As an aside, Alexandre shared a picture of the old Willms mansion taken in 1957.  The picture has been damaged by being cut, but one can see the building with no roof and part of the second floor missing on the left.  I can look out of my bedroom window and confirm that the roof has been replaced but there is no one using the building at the moment.
Damaged 1957 Photo of Willms Mansion

The reason Alexandre came to the office was to help me with my ongoing research into tunnels in Halbstadt.  I wrote a blog last year about the start of my investigation into tunnels.  The stories all focused on the former Credit Union building and we toured the basement and saw where the entrance to tunnels had been closed by bricks.  Last year we also toured an underground storage facility that is part of a Mennonite house.  It is now privately owned and the lady who let us in a year ago has since died.  This can complicate further access.  Her grandson did tell us that the entire population of Halbstadt hid in that structure during the artillery bombardment in October 1943.  He told us there was a well inside the underground structure to supply the people with water.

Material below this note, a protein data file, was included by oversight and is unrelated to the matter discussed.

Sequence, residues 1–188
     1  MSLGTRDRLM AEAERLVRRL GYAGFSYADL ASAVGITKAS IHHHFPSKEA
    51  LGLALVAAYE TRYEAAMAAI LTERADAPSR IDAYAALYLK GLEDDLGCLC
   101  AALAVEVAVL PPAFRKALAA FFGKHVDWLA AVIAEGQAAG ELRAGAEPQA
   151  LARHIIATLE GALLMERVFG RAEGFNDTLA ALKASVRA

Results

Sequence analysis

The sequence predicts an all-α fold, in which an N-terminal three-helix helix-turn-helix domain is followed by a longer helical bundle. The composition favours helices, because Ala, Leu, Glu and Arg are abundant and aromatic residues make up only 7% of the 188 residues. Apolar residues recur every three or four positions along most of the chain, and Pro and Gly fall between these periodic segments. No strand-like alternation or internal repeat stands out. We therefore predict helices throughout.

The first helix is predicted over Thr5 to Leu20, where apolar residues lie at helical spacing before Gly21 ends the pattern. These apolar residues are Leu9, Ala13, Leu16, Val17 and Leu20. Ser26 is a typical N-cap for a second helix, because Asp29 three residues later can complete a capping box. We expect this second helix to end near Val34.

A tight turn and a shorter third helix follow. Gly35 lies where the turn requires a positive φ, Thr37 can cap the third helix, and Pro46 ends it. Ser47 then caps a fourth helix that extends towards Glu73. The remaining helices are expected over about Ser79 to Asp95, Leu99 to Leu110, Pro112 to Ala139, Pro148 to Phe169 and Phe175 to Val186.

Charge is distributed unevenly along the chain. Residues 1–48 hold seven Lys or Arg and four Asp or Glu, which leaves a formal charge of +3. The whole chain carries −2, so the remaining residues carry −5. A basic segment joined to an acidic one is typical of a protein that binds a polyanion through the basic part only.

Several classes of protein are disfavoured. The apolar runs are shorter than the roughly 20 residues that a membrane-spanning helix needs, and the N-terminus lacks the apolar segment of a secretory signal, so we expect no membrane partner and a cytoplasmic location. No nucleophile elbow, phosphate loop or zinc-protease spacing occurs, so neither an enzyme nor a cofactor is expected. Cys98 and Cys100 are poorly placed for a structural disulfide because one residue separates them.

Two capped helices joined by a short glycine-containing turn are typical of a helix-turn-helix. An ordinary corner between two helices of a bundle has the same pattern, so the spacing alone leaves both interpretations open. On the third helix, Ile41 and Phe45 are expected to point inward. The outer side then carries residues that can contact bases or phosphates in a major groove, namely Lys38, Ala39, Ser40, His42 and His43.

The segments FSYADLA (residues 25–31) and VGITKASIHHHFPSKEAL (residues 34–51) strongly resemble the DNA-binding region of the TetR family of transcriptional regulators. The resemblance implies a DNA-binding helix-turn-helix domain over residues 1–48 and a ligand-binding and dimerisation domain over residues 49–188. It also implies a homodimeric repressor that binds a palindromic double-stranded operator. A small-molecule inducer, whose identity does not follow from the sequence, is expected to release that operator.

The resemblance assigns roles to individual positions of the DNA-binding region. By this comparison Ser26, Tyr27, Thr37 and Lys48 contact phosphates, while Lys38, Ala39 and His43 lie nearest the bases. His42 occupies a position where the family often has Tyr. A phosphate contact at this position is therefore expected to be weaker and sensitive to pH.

Alexandre has had a lifelong fascination about the history of Halbstadt.  He expressed this to a history teacher in school who cautioned him not to go there.  It was official communist policy to suppress and eradicate the history of the Mennonites living in this area.  I suspect this caution just raised Alexandre’s curiosity.  He told me of his exploits in exploring the tunnels underneath the former Mennonite boys school (Zentral Schule) which is right across the street from the credit union.  He talked about walking through wide tunnels.  When he came to the end, there were smaller openings on the side.  He crawled through these and came to other wide tunnels.  There was even an underground well in one location that had a device you could turn to open or close to control access to the water.  He stopped his exploration when he started running out of candle power.

Alexandre provided me with a hand written map of where he believes the tunnels exist.  He drew this up with the help of another lady who he assured me had personally walked all the way from the Willms mansion, through the credit union and on to the Willms flour mill and beyond.  I have been promised that I will personally meet this lady before I leave Halbstadt.  Alexandre expressed his appreciation at being able to share his information with us and told us what a delight it had been to meet us.  He then kissed Mary and Oksana goodbye and left with a smile.